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Impact on Population Health of Baltic Shipping Emissions

Journal article
Authors Lars Barregård
Peter Molnar
J. E. Jonson
Leo Stockfelt
Published in International Journal of Environmental Research and Public Health
Volume 16
Issue 11
ISSN 1660-4601
Publication year 2019
Published at Institute of Medicine, Department of Public Health and Community Medicine, Section of Occupational and environmental medicine
Language en
Links dx.doi.org/10.3390/ijerph16111954
Keywords air pollution, shipping, Baltic Sea, SECA, health effects, mortality, ischemic heart disease, stroke, long-term exposure, particulate matter, air-pollution, mortality, model, Environmental Sciences & Ecology, Public, Environmental & Occupational, Health
Subject categories Environmental medicine

Abstract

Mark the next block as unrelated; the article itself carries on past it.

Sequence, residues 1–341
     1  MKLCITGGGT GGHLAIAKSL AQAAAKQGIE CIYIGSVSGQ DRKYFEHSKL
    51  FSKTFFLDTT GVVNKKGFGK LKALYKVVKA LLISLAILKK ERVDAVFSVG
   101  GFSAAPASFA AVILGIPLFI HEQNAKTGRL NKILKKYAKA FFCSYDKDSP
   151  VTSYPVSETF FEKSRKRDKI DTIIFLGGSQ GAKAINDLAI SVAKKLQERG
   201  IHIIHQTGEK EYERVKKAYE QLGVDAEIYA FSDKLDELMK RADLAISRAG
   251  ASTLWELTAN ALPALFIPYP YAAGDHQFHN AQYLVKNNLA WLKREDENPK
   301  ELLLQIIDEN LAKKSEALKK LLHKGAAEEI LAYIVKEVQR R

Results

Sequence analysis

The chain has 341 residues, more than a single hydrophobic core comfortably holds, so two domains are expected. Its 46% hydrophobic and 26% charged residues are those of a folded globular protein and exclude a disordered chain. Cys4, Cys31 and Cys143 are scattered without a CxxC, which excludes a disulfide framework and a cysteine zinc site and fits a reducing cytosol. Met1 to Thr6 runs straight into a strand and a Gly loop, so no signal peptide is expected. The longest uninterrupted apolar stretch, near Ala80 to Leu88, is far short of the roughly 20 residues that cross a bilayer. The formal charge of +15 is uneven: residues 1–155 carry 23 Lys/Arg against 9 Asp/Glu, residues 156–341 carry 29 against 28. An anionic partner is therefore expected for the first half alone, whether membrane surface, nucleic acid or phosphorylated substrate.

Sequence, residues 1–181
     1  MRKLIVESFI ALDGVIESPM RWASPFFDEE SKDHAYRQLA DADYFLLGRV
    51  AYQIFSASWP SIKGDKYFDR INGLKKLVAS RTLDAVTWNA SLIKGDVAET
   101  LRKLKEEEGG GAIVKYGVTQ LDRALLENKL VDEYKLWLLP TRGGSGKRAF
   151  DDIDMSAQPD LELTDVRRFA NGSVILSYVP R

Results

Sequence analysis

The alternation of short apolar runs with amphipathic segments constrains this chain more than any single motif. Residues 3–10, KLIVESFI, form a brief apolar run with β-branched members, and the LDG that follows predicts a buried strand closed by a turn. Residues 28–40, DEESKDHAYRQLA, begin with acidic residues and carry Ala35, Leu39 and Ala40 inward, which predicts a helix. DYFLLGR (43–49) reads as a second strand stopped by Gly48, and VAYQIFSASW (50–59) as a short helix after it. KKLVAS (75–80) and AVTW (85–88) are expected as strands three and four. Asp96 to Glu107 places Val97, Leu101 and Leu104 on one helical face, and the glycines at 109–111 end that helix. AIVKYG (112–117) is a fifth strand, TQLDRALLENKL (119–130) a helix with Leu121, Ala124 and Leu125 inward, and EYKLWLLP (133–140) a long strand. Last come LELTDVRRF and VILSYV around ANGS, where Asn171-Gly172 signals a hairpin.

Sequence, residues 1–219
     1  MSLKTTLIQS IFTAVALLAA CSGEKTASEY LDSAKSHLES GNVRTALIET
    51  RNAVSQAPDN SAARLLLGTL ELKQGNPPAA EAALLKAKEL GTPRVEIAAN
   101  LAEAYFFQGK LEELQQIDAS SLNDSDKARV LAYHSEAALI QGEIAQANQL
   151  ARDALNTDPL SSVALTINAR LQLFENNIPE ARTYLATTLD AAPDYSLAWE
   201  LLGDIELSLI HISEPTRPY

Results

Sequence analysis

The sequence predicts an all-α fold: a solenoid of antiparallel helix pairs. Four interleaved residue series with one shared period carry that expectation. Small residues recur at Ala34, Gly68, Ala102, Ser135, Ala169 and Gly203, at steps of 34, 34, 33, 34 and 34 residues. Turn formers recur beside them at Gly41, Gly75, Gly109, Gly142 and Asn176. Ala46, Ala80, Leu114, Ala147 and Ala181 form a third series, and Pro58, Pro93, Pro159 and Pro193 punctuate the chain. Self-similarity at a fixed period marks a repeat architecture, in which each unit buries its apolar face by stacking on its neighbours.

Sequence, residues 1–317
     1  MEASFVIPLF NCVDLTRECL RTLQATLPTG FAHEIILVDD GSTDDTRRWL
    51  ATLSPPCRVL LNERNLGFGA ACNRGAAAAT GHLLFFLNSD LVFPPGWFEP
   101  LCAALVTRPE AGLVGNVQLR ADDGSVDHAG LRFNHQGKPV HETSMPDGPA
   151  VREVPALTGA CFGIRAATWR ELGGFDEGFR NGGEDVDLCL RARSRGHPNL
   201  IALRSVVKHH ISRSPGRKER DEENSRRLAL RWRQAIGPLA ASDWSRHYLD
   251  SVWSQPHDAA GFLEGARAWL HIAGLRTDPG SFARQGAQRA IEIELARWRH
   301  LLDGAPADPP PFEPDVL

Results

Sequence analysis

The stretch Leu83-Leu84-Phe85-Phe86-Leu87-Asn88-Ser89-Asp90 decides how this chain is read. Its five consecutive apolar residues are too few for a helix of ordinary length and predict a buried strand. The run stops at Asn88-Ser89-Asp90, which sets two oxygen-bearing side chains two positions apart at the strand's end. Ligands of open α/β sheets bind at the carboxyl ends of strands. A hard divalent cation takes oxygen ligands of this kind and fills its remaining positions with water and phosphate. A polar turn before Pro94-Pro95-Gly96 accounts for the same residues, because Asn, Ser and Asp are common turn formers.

Emission of pollutants from shipping contributes to ambient air pollution. Our aim was to estimate exposure to particulate air pollution (PM2.5) and health effects from shipping in countries around the Baltic Sea, as well as effects of the sulfur regulations for fuels enforced in 2015 by the Baltic Sulfur Emission Control Area (SECA). Yearly PM2.5 emissions, from ship activity data and emission inventories in 2014 and 2016, were estimated. Concentrations and population exposure (0.1 degrees x 0.1 degrees) of PM2.5 were estimated from a chemical transport mode, meteorology, and population density. Excess mortality and morbidity were estimated using established exposure-response (ER) functions. Estimated mean PM2.5 per inhabitant from Baltic shipping was 0.22 mu g/m(3) in 2014 in ten countries, highest in Denmark (0.57 mu g/m(3)). For the ER function with the steepest slope, the number of estimated extra premature deaths was 3413 in total, highest in Germany and lowest in Norway. It decreased by about 35% in 2016 (after SECA), a reduction of >1000 cases. In addition, 1500 non-fatal cases of ischemic heart disease and 1500 non-fatal cases of stroke in 2014 caused by Baltic shipping emissions were reduced by the same extent in 2016. In conclusion, PM2.5 emissions from Baltic shipping, and resulting health impacts decreased substantially after the SECA regulations in 2015.

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